If you’re interested in lessening your environmental impact, knowing where to begin can feel overwhelming. Over the past several years, countless lists of steps to take and green product comparisons have been published. Now, recent research has found that there is a way to simplify your approach by focusing on just three items: food waste, diet, and electricity.
1. Food Waste
Did you know that roughly a third of the world’s food is never eaten? The food we waste is responsible for roughly 8 percent of global emissions, according to Project Drawdown, a nonprofit that seeks to help the world reach “drawdown”—a time when levels of greenhouse gases start to decline steadily.
That means the land and resources used—including seeds, water, energy, land, fertilizer, hours of labor, plus financial capital—were unnecessary. Not only that; producing uneaten food generates greenhouse gas at every stage. When organic matter decomposes in the landfill in the absence of oxygen, it produces methane, which is up to 34 times more powerful at trapping heat in the atmosphere than carbon dioxide over a century.
Both High- and Low-Income Countries: Food waste is an issue everywhere; in both high- and low-income countries. Drawdown data show that up to 35 percent of food in high-income economies is thrown out by consumers or retailers who either reject food based on bumps and bruises, or simply buy and serve too much. In low-income economies, there’s little waste at the household level, but food rots on farms or spoils during storage or distribution.
Food Waste Solutions: There are numerous ways to address food waste. In lower-income countries, improving infrastructure for storage, processing, and transportation is essential. In higher-income countries, there is a multitude of ways to reduce food waste today, such as:
- Eat what you buy: Buy only what you eat, and eat what you buy. You can often find a discount on imperfect fruit that would otherwise be thrown away.
- Plan meals in advance: By planning meals, you’ll eat better, have much less food waste, and a simpler time shopping for groceries.
- Organize your fridge: After a good cleaning, start to store meat and fish on the bottom shelf, veggies in the high-humidity drawer, and leftovers on the top labeled with dates.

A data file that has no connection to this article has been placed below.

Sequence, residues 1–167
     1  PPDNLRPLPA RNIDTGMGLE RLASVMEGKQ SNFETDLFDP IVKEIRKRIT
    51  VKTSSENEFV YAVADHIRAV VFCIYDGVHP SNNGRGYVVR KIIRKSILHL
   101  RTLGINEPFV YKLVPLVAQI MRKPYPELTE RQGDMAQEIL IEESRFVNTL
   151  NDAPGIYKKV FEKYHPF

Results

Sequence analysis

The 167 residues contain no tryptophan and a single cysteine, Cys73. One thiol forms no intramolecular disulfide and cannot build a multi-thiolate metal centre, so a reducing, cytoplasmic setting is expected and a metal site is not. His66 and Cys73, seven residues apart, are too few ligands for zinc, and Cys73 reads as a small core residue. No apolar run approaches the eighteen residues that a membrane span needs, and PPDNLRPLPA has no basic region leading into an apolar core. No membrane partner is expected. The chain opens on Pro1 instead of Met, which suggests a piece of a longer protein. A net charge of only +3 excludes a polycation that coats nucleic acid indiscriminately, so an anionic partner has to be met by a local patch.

- Learn new cooking skills: Learn how to can or freeze food, or make meals with what’s available on the shelf.
- Start composting: People have long used compost to feed gardens, as they reduce waste. Build that backyard compost bin, invest in a countertop variety, or put a call into your local curbside compost company. Rather than generating methane, composting converts organic material into stable soil carbon, while retaining water and nutrients of the original waste matter. The result is carbon sequestration as well as production of a valuable fertilizer.
- Donate food: If you still have excess, look for a local food pantry to donate it to, or prepare a meal for a neighbor.
National food-waste targets and policies also help push the needle. The state of California, for instance, passed a law that all of its cities must develop a plan for curbside pickup of food scraps for composting.
The Impact: Project Drawdown estimates that if 50–75 percent of food waste is reduced by 2050, avoided emissions could be equal to 13.6–26.0 gigatons of carbon dioxide.
For many of us, what we eat is dictated by habit, tradition, and what’s easily available and affordable around us. Nevertheless, if you want to reduce your carbon footprint, altering your diet can have a big impact. Zen master Thich Nhat Hanh said making the transition to a plant-based diet may be the most effective way an individual can stop climate change.
The Plant-Based Diet: Shifting to a mostly plant-based diet is a solution to global warming that runs counter to the meat-centric Western diet. Yet, if the world’s cattle were their own nation, they would be the world’s third-largest emitter of greenhouse gases. It turns out, eating lower on the food chain reduces farming inputs, land-clearing, fertilizer use, and greenhouse gas emissions.
Plant-rich diets also tend to be healthier, leading to lower rates of chronic disease. According to a 2016 study, business-as-usual emissions could be reduced by as much as 70 percent through adopting a vegan diet and 63 percent for a vegetarian diet.